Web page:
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Consensus among magazine and newspaper publishers for Outlook 2003 is as hard to find as ... well, as consensus among anyone for such a forecast.

Hearst Magazines Chief Marketing Officer Michael Clinton is "optimistic" about ad prospects. But for many publishers who have experienced two straight years of ad-page declines, optimism is tinged with caution. "The advertising environment will be somewhat better in '03, but I'm not sure anyone can predict it will be significantly better," said Primedia CEO Tom Rogers.

With little organic growth likely, the question is whether publishers will seek growth through acquisitions. Again, there's little agreement on the answer.

A standard talking point of magazine executives-some of whom have a vested interest in pumping up deal opportunities-holds that the magazine world is ripe for consolidation. To a greater degree than other major media, the sector is still largely populated by privately held companies more beholden to one family's or founder's vision and idiosyncrasies than Wall Street's wishes for quarterly profit growth.

Among them: Conde Nast Publications, Wenner Media and Rodale. Hearst Magazines and Gruner & Jahr USA Publishing are also privately held, although more profit-conscious. And there are still a slew of single-title outfits publishing such titles as Worth, Gear, Outside and Working Mother.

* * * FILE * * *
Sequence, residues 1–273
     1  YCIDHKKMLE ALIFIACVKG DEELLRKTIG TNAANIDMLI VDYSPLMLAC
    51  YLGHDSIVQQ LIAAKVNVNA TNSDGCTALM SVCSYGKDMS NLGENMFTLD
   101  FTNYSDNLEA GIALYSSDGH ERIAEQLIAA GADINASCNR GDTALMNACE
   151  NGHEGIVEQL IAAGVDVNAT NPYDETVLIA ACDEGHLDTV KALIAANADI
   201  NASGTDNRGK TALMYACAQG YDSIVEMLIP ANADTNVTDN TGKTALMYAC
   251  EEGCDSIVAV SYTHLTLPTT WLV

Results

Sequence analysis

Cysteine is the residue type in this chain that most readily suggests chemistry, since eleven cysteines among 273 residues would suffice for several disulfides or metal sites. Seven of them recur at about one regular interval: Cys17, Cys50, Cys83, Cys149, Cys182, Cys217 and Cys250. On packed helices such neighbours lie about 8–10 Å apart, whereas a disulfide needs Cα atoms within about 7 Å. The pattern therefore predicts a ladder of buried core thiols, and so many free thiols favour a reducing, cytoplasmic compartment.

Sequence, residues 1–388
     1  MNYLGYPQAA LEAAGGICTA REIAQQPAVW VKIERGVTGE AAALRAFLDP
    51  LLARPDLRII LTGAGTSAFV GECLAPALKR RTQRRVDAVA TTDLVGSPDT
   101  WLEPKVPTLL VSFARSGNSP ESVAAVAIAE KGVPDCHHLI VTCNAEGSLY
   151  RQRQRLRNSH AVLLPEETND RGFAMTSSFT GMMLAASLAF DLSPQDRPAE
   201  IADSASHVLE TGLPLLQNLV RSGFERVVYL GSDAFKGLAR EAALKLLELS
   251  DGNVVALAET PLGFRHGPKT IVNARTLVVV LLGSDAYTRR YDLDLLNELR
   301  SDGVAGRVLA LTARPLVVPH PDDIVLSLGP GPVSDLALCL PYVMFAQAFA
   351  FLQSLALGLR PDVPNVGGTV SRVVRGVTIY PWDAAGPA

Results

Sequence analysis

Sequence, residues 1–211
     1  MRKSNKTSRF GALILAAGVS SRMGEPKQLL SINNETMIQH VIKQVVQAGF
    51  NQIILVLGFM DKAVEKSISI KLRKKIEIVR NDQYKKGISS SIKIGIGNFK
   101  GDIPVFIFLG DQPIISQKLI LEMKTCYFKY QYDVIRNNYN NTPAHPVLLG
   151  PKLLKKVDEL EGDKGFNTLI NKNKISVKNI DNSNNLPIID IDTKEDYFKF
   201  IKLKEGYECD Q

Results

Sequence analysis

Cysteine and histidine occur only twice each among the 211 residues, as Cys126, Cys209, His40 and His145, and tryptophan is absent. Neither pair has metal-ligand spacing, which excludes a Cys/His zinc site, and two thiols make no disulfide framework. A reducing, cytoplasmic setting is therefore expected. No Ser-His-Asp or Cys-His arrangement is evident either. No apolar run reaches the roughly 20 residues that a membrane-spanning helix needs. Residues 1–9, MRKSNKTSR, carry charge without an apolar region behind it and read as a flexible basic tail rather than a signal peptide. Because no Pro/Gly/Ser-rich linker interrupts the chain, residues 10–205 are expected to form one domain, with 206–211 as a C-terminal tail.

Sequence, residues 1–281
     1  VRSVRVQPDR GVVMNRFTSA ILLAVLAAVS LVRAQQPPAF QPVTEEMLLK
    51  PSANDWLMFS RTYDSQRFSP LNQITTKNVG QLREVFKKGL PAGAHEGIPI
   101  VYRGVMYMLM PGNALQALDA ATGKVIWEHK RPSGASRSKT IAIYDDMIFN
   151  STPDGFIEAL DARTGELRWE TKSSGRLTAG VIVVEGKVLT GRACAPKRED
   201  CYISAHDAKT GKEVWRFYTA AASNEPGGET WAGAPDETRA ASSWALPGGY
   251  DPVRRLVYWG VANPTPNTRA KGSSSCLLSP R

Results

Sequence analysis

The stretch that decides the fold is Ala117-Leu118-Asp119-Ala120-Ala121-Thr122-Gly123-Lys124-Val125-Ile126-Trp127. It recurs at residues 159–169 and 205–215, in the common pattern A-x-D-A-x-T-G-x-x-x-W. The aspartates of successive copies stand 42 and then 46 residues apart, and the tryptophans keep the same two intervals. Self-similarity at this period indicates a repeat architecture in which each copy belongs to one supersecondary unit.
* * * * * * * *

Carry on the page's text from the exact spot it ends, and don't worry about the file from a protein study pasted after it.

American Media Chairman-CEO David Pecker predicts that at least one major publishing company will be sold in 2003. (He picked off a long-coveted operation recently, buying Weider Publications.)


But sales require sellers. And it could be hard to convince owners of closely held companies they should sell just because other media segments have consolidated mid-tier players out of existence. "That's a convenient fantasy of the behemoths," said Rodale President-CEO Steve Murphy.

Over in the newspaper world, an expectation-one repeatedly frustrated-is that the Federal Communications Commission will soon move to loosen regulations governing the ownership of TV stations and newspapers in the same markets.

Gannett Corp. Chairman-CEO Douglas McCorkindale said he had "give[n] up waiting for the FCC to deregulate."

While crystal balls remain cloudy, there are some players clearly worth watching.

* Ann Moore. Time Inc.'s new chairman-CEO has repeatedly referenced a desire to slash expenses by an additional $100 million. Since she took the helm, two magazines were shuttered, the company's consumer-marketing department was reorganized and new exec VPs were installed. Then there's the evolving relationship with corporate sib America Online.

* David Pecker. Twice the bridesmaid at high-profile magazine marriages (Times Mirror and Emap USA), he now has his first big acquisition-and needs to intregrate Weider into American Media.

* Gannett Corp. Will America's largest newspaper player continue to see opportunities overseas-as suggested by its late-'02 deal for Scottish publisher SMG, and its ownership of Britain's Newsquest?

* Primedia. The big issue is whether signs of stabilization will make its stock more desirable to investors, despite a complex financial structure and heavy debt load.

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